I found a recent scientific study that was using virtual reality to recreate "out-of-body" experiences. The reason I think this is significant for the autistic population is that it is the first time scientists have been able to use a method to study the body's senses of vision, touch and proprioception (sense of where your body is in space). When someone has a sensory integration disorder, their senses do not integrate normally, resulting in distorted perceptions of the world. This kind of study could lead to advances in understanding why our autistic kids have distortion of their senses and how it effects them. We could get a glimpse into their world!


Experiment creates out-of-body experience

August 23, 2007

NEW YORK (Reuters Health) - The findings provide evidence that such experiences may have a real scientific basis and are not simply a figment of imagination, according to the report in the August 24th issue of Science.

In the study, Dr. H. Henrik Ehrsson, from the Karolinska Institute in Stockholm, had healthy volunteers wear goggles connected to two video cameras placed 2 meters behind them. The right eye display of the goggles was connected to the right camera and the left eye display to the left camera. "Thus, the person would see his or her back with the perspective of a person sitting behind him or her with stereoscopic vision," the researcher explains.

While the subjects were viewing their own backs through the goggles, the experimenter, who stood beside them, touched either their real chest, which was not viewable on the cameras, or their illusionary chest with a plastic rod. The latter effect was achieved by having the experimenter move the rod to a position just below the cameras, while still being in view.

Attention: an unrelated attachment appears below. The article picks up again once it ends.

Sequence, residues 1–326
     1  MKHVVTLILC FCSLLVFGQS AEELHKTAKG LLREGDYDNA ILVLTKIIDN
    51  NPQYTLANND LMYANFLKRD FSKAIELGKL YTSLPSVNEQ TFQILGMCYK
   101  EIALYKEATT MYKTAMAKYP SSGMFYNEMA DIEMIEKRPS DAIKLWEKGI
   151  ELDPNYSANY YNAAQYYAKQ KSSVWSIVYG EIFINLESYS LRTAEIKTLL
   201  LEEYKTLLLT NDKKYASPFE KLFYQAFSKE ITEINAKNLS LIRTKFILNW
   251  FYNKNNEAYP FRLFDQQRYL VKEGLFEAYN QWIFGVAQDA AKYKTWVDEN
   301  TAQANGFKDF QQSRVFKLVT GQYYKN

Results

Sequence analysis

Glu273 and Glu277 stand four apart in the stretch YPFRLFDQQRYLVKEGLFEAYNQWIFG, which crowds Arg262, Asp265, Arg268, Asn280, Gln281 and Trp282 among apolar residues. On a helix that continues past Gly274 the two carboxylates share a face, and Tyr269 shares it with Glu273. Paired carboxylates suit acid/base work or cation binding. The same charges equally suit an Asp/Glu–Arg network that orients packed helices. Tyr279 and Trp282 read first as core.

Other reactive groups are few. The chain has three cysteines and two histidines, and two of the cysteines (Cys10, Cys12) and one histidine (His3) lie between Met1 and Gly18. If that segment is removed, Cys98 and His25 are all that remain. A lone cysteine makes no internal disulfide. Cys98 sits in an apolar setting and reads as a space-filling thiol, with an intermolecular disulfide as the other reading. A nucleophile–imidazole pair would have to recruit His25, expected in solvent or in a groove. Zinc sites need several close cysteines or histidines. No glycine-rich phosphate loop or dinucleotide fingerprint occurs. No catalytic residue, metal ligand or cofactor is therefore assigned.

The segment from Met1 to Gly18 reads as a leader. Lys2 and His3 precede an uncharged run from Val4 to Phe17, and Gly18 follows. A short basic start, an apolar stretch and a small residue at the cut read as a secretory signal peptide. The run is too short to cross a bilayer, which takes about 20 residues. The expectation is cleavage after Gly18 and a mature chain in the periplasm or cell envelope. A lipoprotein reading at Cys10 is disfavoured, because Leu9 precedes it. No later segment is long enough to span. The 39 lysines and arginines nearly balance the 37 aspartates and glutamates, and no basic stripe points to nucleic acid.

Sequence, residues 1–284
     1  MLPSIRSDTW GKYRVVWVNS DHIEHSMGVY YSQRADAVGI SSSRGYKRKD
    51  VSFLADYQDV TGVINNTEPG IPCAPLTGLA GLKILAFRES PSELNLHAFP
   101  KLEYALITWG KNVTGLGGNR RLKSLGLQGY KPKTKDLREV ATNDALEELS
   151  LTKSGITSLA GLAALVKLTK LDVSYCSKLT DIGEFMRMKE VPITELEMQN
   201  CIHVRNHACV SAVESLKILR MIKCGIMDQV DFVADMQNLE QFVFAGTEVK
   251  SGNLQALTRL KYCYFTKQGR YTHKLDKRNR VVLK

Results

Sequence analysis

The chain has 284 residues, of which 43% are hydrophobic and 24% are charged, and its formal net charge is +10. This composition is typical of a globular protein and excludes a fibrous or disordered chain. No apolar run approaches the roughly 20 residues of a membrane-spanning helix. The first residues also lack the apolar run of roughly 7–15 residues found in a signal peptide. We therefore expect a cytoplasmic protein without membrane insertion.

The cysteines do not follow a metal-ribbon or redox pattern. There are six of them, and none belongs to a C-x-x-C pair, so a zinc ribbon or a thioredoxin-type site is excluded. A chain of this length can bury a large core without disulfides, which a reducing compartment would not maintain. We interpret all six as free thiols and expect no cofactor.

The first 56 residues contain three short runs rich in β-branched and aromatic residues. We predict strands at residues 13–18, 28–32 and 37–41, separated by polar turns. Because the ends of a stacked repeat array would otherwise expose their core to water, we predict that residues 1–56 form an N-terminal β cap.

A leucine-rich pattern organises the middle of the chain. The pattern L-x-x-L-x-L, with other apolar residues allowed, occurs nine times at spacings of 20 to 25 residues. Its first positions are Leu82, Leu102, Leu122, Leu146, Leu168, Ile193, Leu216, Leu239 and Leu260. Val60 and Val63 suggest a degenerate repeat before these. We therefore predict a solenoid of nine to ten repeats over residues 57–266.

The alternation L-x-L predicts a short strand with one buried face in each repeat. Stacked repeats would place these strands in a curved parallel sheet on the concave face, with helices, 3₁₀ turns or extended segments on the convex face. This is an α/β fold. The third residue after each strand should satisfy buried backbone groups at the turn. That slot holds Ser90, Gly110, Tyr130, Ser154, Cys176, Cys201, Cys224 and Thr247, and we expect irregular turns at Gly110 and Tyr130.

After the experiment, the subjects were asked 10 questions designed to determine if an out-of-body experience had occurred. The results confirmed that the subjects did indeed have an out-of-body experience. As Dr. Ehrsson puts it, he created "a perceptual illusion in which individuals experience that their center of awareness, or "self," is located outside their physical bodies and that they look at their bodies from the perspective of another person."

To objectively verify this finding, another experiment was performed in which the experimenter hit the illusionary body with a hammer and gauged the emotional response by measuring sweating with skin electrodes. The results showed that the subjects responded emotionally as if they were viewing their physical bodies from the outside.

These illusions show "that the sense of being localized within the physical body can be fully determined by perceptual processes, that is, by the visual perspective in conjunction with multisensory stimulation on the body," Dr. Ehrsson states.

The results represent "a fundamental advance because the natural 'in-body experience' forms the foundation of self-consciousness," he concludes.

Science 2007;317:1048.

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Sep. 8, 2007 at 1:51 PM

Here's a coincidence...  My husband, Allen and our son, Kevin were just telling me about this.  They were reading about it online.  Kevin really wants to try this!  There is a company near here that makes these systems and they give tours by appointment.  I'll be sure to take pictures if we get a chance to go look at it.

Karen (too)

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Sep. 8, 2007 at 3:23 PM Jordan had something like this done Karen , it wasnt virtual reality though. They blindfolded him and tested how he reacted to different touches, sounds, smells etc. It was interesting to watch .

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Sep. 17, 2007 at 7:20 PM

You always have such great posts Karen! Thanks as always for sharing em!


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Oct. 3, 2007 at 7:43 PM This sounds like something that happened near here.  I read a little blurb in the paper about something like a traveling exhibit at a mall, where you could "feel what it's like to have autism".  I already had plans for that day, so I didn't read any more about it, but now I wish I would've cut it out and saved it.  It just sounded sort of hokey at the time.  Now I wish I had checked it out.

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